An exhibition by Manchester City Council held at Manchester Town Hall commemorated the contributions of Black service people during World War II. The exhibition also included the Bicentenary Freedom Flag, to mark commemorations of the Abolition Act of 1807. Alongside exploring the efforts of women, West Indian men, and African men in wartime, the exhibition also told the story of the 761st Tank Battalion of the US Army, known as the Black Panthers Tanker Battalion. Primarily made up of African-American soldiers, the squadron was said to be deployed as a public relations effort to maintain support for the war effort from the Black community.
Uncomfortable Truths at the Victoria and Albert Museum sought to expose how embedded the transatlantic slave trade was within British culture during the 18th and 19th centuries through art and design. A series of five trails - 'Traces of the Trade' - explored the permanent collections on display through the following themes: Consuming the Black Atlantic, Black Servants in British Homes, Britain and the West Indies, Representing Slavery and Abolitionism, Gold and Slaves Transnational Trade Links. An exhibition of contemporary art examined the impact of the legacies of slavery on modern art and design. The Victoria and Albert Museum commissioned new works by Yinka Shonibare, Romauld Hazoume, Julien Sinzogan and Keith Piper. These and other contemporary interventions by a total of 11 artists were displayed throughout the museum. This exhibition later toured to Ferens Art Gallery in Hull.
The 'Truth and Rights' season of events highlighted often untold stories of Black British heroes, including focus on the actor Ira Aldridge. Visitors were also offered discussions, debates, displays and an eight week free art course. A two-day conference, 'From Cane Field to Tea Cup: The Impact of the Transatlantic Slave Trade on Art and Design' focused on V&A collections took place in February 2007.
Musée d’histoire de Nantes (Nantes History Museum) was originally the residence of the Dukes of Brittany and the castle was restored in the 1990s. It opened to the public as a museum in February 2007. The museum is not wholly dedicated to looking at slavery, but explores the history of the castle and the city. However, it is acknowledged that the Atlantic slave trade is a key part of that history. The themes covered within the museum begin with the construction of the castle in the 13th century, and then follow the development of Nantes as part of Brittany through the ages until the 17th century. The museum also examines trade, the impact of the French Revolution, industrialisation, the two world wars and a contemporary look at Nantes as an ‘Atlantic City’. The museum added several rooms in 2016 that looked with greater detail at modern history. It has been designated a 'Monument Historique' by the French government. In addition to the historical artefacts housed in the museum, interactive and digital media is incorporated throughout as a part of the museum's aim to showcase the history of the city not only through objects and art work, but also contemporary technology.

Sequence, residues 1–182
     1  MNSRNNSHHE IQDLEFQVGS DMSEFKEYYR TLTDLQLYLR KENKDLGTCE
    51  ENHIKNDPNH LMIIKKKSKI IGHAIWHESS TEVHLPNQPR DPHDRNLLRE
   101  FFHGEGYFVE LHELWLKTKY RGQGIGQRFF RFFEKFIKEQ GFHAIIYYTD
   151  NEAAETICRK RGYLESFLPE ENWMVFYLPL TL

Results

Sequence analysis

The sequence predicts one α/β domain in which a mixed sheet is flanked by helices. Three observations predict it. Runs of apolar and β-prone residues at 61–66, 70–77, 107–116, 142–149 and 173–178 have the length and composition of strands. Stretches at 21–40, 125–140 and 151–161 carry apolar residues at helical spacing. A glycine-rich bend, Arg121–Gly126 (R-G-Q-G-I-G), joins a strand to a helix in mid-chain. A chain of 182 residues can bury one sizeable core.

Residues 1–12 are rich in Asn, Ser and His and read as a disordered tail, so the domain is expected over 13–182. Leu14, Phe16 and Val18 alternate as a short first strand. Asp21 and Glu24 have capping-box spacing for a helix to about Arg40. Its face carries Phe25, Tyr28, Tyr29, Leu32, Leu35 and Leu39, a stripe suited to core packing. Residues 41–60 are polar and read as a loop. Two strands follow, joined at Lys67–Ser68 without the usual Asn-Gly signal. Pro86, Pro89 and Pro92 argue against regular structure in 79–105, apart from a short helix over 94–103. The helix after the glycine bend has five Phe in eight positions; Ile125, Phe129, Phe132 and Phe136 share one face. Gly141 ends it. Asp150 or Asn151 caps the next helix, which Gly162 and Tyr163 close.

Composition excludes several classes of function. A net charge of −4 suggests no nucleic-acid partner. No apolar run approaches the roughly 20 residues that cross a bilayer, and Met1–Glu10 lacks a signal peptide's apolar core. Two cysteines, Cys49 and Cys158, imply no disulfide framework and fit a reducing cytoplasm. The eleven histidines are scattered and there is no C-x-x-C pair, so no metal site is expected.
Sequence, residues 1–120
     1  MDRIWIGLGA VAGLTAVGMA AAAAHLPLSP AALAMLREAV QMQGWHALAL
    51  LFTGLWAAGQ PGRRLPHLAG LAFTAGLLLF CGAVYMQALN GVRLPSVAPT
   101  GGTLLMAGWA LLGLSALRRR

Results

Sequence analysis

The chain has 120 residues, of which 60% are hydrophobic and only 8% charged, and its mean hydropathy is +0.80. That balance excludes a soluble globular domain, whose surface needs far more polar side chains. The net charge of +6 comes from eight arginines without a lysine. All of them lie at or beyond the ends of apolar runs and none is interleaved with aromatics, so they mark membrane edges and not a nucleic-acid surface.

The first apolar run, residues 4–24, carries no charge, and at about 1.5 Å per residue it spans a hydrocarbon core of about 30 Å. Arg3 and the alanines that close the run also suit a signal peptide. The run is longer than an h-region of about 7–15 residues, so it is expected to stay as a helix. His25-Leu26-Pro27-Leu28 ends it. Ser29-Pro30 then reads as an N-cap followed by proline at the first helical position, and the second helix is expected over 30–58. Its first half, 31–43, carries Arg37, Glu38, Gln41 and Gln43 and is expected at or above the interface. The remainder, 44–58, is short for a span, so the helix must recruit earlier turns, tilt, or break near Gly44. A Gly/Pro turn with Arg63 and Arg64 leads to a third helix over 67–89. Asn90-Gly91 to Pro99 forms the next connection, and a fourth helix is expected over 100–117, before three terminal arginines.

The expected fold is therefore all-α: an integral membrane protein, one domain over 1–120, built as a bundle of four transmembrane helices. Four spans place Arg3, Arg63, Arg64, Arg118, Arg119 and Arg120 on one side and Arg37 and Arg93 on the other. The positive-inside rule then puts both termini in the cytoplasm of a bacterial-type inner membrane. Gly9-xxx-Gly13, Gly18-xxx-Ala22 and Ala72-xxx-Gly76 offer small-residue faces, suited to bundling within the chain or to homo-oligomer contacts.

Slavery is mainly addressed in the exhibition ‘Trade and Black Gold in the 18th Century’, where the displays address the role Nantes played as a key French port for vessels embarking on the Triangular Trade. Objects on display include maps, paintings and a collection of printed canvases produced in Nantes that would have formed a significant proportion of the cargo taken on the first leg of the trade voyage, from France to Africa. As well as examining France’s role in the logistical aspects of the trade, this exhibition also includes interpretation about Haiti. This interpretation has a dual focus, with Haiti as the destination for most of the ships originating in Nantes and the site of the most successful slave revolt in the western hemisphere.
Other exhibitions within the museum also look generally at the larger events in French history and how they changed Nantes’s relationship with slavery. Within the exhibitions on Nantes and the Revolution, the long process of abolition and then re-entrenchment of slavery under Napoleon are discussed in the interpretation. Until 1831 Nantes was still France’s largest slave trading port despite the activity being previously outlawed in 1816. Similar to the Memorial to the Abolition in Nantes, the Nantes History Museum intends to provide a reflection on local history both good and bad.
The House of Negritude and Human Rights opened in 1971 in the former Champagney town hall. It relocated to its present site in 1995. The museum was founded after local historian René Simonin discovered a document in the Haute-Saône departmental archives. This document is known as 'Article 29' of the Champagney Register of Grievances. In 1789, the inhabitants of Champagney, drew up their list of grievances at the request of King Louis XVI. This document would be used to prepare the meeting of the Estates General that would open the process of the French Revolution. 'Article 29' was a one-of-a-kind request to abolish black slavery on humanitarian grounds.
The museum is a tribute to the "Champagnerots" (people of Champagney) who made this extraordinary request. Text interpretation explores the context of the request, examining the french slave trade and the movement for abolition in other European countries in the nineteenth century. There are artefacts that highlight the terrible conditions faced by the enslaved, including a replica slave ship and items recovered from plantations in Haiti.
The interpretation also goes on to examine other forms of slavery in the contemporary world. This is embedded into the museum's popular education programmes that reflect on the development and importance of human rights around the world.